Many systems put precision into practice in a robotic surgery platform. One example is CardioARM, a robotic surgical system having an articulated design providing unlimited but controllable flexibility. The CardioARM consists of serially connected cylindrical links housing flexible ports through which tools for both therapy and imaging can be deployed.

Another articulated robot component is the da Vinci Surgical System, which was introduced in China in 2008, leading to the development of the Micro Hand S, which provides an interesting case study for how such systems develop over the course of a decade. 

Surgeons and the Robot Joint Design Process

One important factor of the Micro Hand S is the fact that actual clinicians have strongly influenced its development. This means its design takes into account actual problems faced by surgeons. 

The initial robotic surgery system introduced in 2013 featured a rotational manipulator with three joints intersecting at the tip of the robotic arm. The design allowed for a large degree of freedom, enabling the operating arm to adjust automatically based on the incision procedure.

Three years later, a three-fingered robotic hand was proposed for the Micro Hand S to eliminate problems such as positioning prior to procedures and adjustment during operations. Later designs included a stacked design to make the surgical robot more compact. 

Currently, the compact system with a foldable design of the Micro Hand S allows for a wide range of movement granted by three arm joints and three wrist joints. The range of movement from the arm joints is -120⁰ to 120⁰ and -30⁰ to 140⁰ respectively.

Designers have added instruments to the robot's components that facilitate ultrasonic or electro-cutting, electrocautery, and other functions and improve various safety features.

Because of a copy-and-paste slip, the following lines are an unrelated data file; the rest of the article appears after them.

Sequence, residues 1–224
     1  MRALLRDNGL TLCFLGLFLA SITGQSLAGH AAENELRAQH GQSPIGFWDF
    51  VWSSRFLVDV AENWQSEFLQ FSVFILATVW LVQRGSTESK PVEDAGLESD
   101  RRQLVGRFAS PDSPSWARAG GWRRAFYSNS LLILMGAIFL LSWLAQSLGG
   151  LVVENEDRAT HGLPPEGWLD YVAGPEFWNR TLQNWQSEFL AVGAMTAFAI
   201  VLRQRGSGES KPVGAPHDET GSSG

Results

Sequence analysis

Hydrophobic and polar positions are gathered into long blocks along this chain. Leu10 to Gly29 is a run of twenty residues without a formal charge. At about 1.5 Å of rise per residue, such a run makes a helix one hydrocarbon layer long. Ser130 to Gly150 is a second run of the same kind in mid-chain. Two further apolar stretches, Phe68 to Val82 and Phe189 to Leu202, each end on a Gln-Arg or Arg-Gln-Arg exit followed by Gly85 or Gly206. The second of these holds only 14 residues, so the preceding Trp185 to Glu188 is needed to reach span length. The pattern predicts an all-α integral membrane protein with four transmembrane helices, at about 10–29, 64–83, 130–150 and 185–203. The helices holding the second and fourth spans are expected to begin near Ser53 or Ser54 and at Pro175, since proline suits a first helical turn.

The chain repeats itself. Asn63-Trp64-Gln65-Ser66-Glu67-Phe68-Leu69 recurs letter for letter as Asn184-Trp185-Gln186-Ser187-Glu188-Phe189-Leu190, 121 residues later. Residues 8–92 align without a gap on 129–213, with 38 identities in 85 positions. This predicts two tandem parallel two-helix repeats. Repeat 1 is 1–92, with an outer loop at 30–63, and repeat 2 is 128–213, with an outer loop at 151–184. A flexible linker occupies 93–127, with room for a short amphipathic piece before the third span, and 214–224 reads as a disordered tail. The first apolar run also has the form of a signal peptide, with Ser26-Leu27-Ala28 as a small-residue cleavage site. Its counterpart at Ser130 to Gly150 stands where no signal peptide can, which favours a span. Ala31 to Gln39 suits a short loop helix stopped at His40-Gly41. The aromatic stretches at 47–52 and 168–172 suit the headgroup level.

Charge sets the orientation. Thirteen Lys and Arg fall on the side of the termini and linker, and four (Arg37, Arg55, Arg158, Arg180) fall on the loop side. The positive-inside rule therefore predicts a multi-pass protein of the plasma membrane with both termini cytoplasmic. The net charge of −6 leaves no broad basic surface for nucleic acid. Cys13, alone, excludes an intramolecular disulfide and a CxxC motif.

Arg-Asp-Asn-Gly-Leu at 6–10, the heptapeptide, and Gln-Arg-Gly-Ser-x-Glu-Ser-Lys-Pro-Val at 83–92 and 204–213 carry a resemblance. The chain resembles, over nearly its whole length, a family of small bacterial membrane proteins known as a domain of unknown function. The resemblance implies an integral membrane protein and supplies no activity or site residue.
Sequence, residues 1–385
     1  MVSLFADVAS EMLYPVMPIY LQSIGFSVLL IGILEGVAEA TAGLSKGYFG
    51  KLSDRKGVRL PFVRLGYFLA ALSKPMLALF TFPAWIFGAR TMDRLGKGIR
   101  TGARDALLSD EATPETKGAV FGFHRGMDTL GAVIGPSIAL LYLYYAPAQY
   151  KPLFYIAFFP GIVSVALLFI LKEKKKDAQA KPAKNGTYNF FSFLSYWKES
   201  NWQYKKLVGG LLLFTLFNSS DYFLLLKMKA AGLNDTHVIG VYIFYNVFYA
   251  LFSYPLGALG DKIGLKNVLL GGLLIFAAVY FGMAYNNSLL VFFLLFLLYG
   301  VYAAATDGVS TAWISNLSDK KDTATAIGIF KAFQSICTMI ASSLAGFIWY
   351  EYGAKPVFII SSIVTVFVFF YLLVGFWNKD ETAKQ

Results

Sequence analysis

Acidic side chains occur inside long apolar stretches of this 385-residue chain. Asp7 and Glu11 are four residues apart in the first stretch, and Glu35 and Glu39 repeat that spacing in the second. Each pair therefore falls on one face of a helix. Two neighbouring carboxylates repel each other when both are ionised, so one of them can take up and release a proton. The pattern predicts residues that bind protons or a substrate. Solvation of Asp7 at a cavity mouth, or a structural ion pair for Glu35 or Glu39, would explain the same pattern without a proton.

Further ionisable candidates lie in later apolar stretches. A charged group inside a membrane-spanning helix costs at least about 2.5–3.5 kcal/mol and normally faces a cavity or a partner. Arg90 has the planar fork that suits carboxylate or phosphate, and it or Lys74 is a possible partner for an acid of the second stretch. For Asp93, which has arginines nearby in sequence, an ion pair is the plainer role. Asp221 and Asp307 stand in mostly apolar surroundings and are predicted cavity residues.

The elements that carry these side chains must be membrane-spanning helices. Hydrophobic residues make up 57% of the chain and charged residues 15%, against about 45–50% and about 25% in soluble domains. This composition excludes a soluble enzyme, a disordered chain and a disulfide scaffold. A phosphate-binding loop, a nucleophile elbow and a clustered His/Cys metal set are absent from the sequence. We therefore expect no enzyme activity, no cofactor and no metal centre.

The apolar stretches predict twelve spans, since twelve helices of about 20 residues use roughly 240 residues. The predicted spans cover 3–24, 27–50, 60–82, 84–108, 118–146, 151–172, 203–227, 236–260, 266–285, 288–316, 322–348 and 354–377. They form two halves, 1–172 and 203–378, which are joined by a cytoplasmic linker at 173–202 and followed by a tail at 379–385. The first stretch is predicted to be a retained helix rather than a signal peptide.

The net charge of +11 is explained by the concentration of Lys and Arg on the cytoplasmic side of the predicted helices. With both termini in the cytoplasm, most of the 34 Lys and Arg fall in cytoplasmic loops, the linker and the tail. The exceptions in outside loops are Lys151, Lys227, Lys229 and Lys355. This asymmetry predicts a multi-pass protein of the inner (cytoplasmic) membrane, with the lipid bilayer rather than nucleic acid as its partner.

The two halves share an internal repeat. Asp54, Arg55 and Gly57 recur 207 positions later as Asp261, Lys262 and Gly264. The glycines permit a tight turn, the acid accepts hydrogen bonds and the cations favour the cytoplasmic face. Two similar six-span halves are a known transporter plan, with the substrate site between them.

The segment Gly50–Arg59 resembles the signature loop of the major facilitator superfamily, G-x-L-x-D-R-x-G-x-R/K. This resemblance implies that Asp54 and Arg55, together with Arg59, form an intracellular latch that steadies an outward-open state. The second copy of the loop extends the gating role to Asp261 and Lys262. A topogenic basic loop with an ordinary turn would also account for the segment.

The master manipulator is comprised of three robotic joints (rotary), with the axes of the first two joints pointing upwards, so the robot’s motion is less affected by gravity, thus guaranteeing an easier and more flexible operation. 

The practice of robotic surgery is only set to grow with surgeons guiding the design of systems they will increasingly use to improve and even save lives. And much of this will hinge on improved joints granting flexibility and precision. 

Robotics: The Future They Hold For Medicine

References and Further Reading

Saber. A. Y., Marappa-Ganeshan. R., Mabrouk. A., [2022], ‘Robotic Assisted Total Knee Arthroplasty,’ StatPearls, [https://www.ncbi.nlm.nih.gov/books/NBK564396/]

Robotic surgery, Mayo Clinic, https://www.mayoclinic.org/tests-procedures/robotic-surgery/about/pac-20394974

Joint, Robotics, Britannica, [https://www.britannica.com/technology/joint-robotics]

Ota. T., Degani. A., Schwartzman. D., et al, [2009], ‘A highly articulated robotic surgical system for minimally invasive surgery,’ Pud Med, [10.1016/j.athoracsur.2008.10.026]

Bringing surgical insight to medical robot design, [2019], Nature Portfolio, [https://www.nature.com/articles/d42473-020-00175-z

Disclaimer: The views expressed here are those of the author expressed in their private capacity and do not necessarily represent the views of AZoM.com Limited T/A AZoNetwork the owner and operator of this website. This disclaimer forms part of the Terms and conditions of use of this website.

Robert Lea

Written by

Robert Lea

Robert is a Freelance Science Journalist with a STEM BSc. He specializes in Physics, Space, Astronomy, Astrophysics, Quantum Physics, and SciComm. Robert is an ABSW member, and aWCSJ 2019 and IOP Fellow.